SALT LAKE CITY — The Grand Theatre has a beautiful production of In the Heights (with the music, lyrics and concept by Lin-Manuel Miranda and a book by Quiara Alegra Hudes). In the Heights is set in Washington Heights — a largely Hispanic neighborhood in upper Manhattan. Directed and choreographed by Vincent Ortega, this production is fantastic, not only in story telling but in portraying the reality of life in New York City.

Show closes June 10, 2023.

The story begins with lights up on Usnavi, who owns the corner grocery shop after inheriting it from his Dominican parents. Portrayed by Armando Serrano, Usnavi is a fixture in the neighborhood, knowing each customer that comes and goes and selling them their weekly lottery ticket. One day we find out that someone from the barrio has won the jackpot. Serrano played Usnavi in a charming but unassuming way. Serrano gave the audience beautiful small moments, such as Usnavi’s interactions with Abuela Claudia (portrayed by Sonia Maritza Inoa-Rosado Maughan), and mentoring his cousin, Sonny (played by Avery Sims). Sims is delightful and youthful. I enjoyed his physicality, expertly portrayed by his mannerisms. Sims also has an incredible voice that is wonderful to listen to, but I what I really enjoyed his comedic timing.

Nina (played by Aisha Marie Garcia) is praised in the neighborhood as “the one who got out” by earning scholarship to Stanford. Unfortunately, she must tell her family that she lost her scholarship. Aisha Marie Garcia aptly display the guilt and disappointment about losing her way. The number “Breathe” was a highlight in first act. Seeing Nina interact with her neighbors while being completely alone is beautiful, sad, and yet hopeful. While visiting the family business, Nina connects with Benny (played by Onias Snuka), a young African American man who works for her dad in the car service, running the dispatch. While Nina’s dad, Kevin Rosario (played by Monte Garcia), disapproves of the relationship between Benny and Nina, Monte Garcia’s make it clear that it is because Kevin has the best intentions and desires for his daughter. I found Nina and Kevin’s relationship both relatable, sweet, and expertly acted — probably because the two performers are father and daughter off stage, too. Garcia as Kevin sings one of the most touching songs in act two, “Atención” that brought me to tears.

Camila Rosario, Nina’s mom (played by Sophia Valdez Davis) has a wonderful scene where she calls the family on the carpet with her song “Enough.” Davis’s vocals were strong, though, the blocking for the song was awkward. The actors did not seem to feel secure in where they should stand. The scene has a lot of potential to show the audience how the Rosario family functions, but Ortega’s direction missed that opportunity.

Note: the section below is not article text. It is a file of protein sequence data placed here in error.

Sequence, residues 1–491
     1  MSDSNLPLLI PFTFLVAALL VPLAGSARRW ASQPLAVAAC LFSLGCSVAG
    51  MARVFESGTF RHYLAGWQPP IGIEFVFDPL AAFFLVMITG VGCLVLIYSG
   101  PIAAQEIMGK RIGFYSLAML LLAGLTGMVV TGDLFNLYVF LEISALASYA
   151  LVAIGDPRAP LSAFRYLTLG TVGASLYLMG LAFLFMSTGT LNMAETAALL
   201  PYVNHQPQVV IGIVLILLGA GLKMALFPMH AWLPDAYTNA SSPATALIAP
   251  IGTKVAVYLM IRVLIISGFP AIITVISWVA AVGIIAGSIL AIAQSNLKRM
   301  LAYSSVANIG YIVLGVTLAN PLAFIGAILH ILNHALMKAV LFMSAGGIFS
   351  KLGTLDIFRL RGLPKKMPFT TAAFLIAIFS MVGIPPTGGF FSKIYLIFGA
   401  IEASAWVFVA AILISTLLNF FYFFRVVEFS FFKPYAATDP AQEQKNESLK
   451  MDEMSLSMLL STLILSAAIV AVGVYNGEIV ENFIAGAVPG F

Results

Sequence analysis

The salon scenes are some of the most enjoyable moments. Daniela (played by Whitney Harris Gutierrez) owns the salon, and she is the kind of woman that takes care of her people. Guttierez is believable as a strong sassy woman who also runs a business, commands the gossip and keeps tabs on what is happening. As Carla, Savannah Ruiz creates a naïve and hilarious character with perfect timing and expressions. In “No Mi Diga” the gossiping between these two women (and others in the scene) felt real, funny and honest.

“Carnaval Del Barrio” was the perfect example of a story telling song that makes me want to dance along with the characters and revel in the pride they had for their (or their parents’) homelands. Ortega’s choreography was inventive and cool, and throughout the play it showed a mix of several styles. The high energy movement kept me invested throughout the production. Nothing looked out of place for the streets of New York.

The set design by Halee Rasmussen is beautiful. The set has some wonderful details, the George Washington Bridge, the roll up metal doors, the air conditioners hanging out windows. It really gives the flavor of New York City. The usable retractable fire escape was delightful, (though I wish it had been used more). The lighting by Paul Yeates, was dynamic, colorful and bold. Saturated colors really make the stage feel like summer in New York.

At two and a half hours, In the Heights at The Grand Theatre is an investment, but well worth the time. The show is beautifully acted and the sense of community is present throughout the evening. In the Heights is a vibrant slice of New York transported to Salt Lake City by a talented cast of actors who deserve the rapt atención of its audience.

The Grand Theatre Company production of In the Heights plays Thursdays through Saturdays at 7:30 PM through June 10, with additional performances at 2 PM on May 27 and June 3, at Salt Lake Community College’s Salt Lake City campus (1575 South State Street, Salt Lake City). Tickets are $15-30. For more information, visit

These reviews are made possible by a grant from the Salt Lake County Zoo, Arts, and Parks program.